'Seinfeld' to Debut In HD
Sony Pictures Television to unveil plan at CES, will offer Seinfeld episodes in high-def beginning Jan. 26.
By Ben Grossman -- Broadcasting & Cable, 1/5/2009
In conjunction with its now-typical big splash at the Consumer Electronics Show in Las Vegas, Sony Pictures Television (SPT) will announce it is making the syndicated comedy Seinfeld available to broadcast stations in high-definition for the first time. HD episodes of the long-running sitcom will be ready to air on stations beginning Jan. 26.
Sony will back the move to HD with a massive promotional push featuring new digitally enhanced HD promos. Sony will supply stations with four episodic hi-def promos for each of the 180 episodes, or 720 in all. SPT has also created a complete HD graphics package it will supply to stations to assist them in creating their own local promos, as well as sales presentations.
Actor John O'Hurley, who played J. Peterman on the show, has voiced some of the promos. This marks the fourth set of episodic promotions in all for Seinfeld, but the first in HD.
SPT execs will work with stations through advisory boards, attempting to keep the sitcom fresh to offset the fact that it's in its 13th year in syndication. Rating erosion is common at this stage.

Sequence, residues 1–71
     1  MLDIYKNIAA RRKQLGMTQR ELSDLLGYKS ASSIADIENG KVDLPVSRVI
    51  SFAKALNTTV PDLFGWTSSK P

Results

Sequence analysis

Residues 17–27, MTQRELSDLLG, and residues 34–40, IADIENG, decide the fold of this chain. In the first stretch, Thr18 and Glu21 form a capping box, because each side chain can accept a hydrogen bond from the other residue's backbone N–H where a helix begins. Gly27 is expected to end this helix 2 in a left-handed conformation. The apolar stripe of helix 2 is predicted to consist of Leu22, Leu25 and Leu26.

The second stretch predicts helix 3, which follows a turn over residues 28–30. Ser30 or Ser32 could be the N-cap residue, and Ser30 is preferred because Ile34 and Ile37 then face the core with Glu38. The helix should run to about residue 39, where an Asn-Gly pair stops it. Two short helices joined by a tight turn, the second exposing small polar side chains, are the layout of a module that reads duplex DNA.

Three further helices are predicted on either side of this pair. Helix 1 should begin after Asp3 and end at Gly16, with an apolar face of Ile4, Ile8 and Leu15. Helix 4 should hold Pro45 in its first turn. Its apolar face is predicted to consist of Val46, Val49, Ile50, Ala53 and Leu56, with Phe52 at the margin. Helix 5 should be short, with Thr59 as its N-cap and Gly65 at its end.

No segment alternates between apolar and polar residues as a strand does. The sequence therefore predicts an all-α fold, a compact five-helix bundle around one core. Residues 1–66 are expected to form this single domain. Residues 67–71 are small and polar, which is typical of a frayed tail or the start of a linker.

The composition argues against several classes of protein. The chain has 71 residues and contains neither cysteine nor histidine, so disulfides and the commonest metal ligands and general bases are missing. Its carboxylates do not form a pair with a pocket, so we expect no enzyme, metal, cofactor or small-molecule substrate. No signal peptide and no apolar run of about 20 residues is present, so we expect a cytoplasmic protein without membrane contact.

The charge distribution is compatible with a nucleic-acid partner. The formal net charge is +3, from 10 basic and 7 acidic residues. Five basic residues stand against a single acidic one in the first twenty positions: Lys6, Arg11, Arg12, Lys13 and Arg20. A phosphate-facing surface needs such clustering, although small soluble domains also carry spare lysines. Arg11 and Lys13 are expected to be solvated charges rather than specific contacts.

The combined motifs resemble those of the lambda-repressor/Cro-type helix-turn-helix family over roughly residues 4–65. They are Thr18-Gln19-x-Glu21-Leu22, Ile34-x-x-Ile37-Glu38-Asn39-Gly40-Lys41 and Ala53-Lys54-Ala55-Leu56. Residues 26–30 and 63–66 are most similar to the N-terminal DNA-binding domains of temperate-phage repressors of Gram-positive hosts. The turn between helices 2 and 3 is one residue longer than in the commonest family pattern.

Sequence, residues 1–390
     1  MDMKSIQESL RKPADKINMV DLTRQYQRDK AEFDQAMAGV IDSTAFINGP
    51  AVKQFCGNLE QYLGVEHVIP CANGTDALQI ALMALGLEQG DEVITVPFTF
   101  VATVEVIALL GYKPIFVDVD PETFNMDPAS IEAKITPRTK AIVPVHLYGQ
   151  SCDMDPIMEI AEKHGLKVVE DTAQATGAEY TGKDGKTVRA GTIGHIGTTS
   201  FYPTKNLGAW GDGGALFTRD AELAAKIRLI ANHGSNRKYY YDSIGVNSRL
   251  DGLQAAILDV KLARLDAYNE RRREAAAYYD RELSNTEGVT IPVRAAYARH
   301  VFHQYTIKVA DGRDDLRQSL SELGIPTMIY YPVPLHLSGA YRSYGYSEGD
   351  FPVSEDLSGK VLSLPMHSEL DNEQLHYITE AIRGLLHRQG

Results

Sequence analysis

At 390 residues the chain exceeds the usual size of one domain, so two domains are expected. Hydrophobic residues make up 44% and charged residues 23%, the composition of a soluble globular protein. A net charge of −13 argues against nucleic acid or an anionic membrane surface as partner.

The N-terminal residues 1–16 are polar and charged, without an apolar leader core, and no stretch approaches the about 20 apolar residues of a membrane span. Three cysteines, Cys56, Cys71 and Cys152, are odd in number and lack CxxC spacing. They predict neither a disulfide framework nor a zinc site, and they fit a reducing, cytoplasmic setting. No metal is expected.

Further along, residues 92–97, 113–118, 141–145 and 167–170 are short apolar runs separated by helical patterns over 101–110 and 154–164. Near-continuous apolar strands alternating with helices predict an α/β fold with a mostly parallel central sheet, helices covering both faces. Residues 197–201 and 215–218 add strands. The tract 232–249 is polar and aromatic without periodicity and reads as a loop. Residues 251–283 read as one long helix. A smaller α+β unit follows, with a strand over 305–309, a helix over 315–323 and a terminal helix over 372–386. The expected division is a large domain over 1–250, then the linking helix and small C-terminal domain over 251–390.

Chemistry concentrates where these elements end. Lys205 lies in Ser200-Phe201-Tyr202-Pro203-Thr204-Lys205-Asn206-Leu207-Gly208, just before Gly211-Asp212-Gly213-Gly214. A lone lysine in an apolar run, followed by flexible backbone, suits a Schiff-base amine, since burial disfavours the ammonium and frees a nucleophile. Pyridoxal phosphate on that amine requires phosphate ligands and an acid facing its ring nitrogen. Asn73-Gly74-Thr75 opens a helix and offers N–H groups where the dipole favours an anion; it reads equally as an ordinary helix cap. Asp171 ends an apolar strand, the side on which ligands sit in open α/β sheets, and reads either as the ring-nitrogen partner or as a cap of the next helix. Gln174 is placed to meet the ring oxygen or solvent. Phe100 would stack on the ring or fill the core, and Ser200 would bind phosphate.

“Seinfeld is the greatest television show ever,” says John Weiser, SPT's president of distribution. “The time is right to deliver the show in hi-def and continue our efforts to introduce Seinfeld to a new generation of viewers. Now the quality of the broadcast will match the quality of the content.”
Seinfeld is the third off-net sitcom to be made available to stations in HD. Warner Bros. has made Two and a Half Men available to stations in HD since its premiere, while CBS Television Distribution started making Everybody Loves Raymond available to stations in HD last March.
Other syndicated programming is offered in HD, including The Oprah Winfrey Show, Ellen DeGeneres, Entertainment Tonight, The Insider, Wheel of Fortune and Jeopardy!But it's expensive for stations to download, and until recently few did. Just 40 stations were carrying Two and a Half Men in HD last summer. But more stations in the top 75 to 100 markets are completing installation of Pathfire systems that will make handling syndication HD easier.http://www.broadcastingcable.com/article/CA6625774.html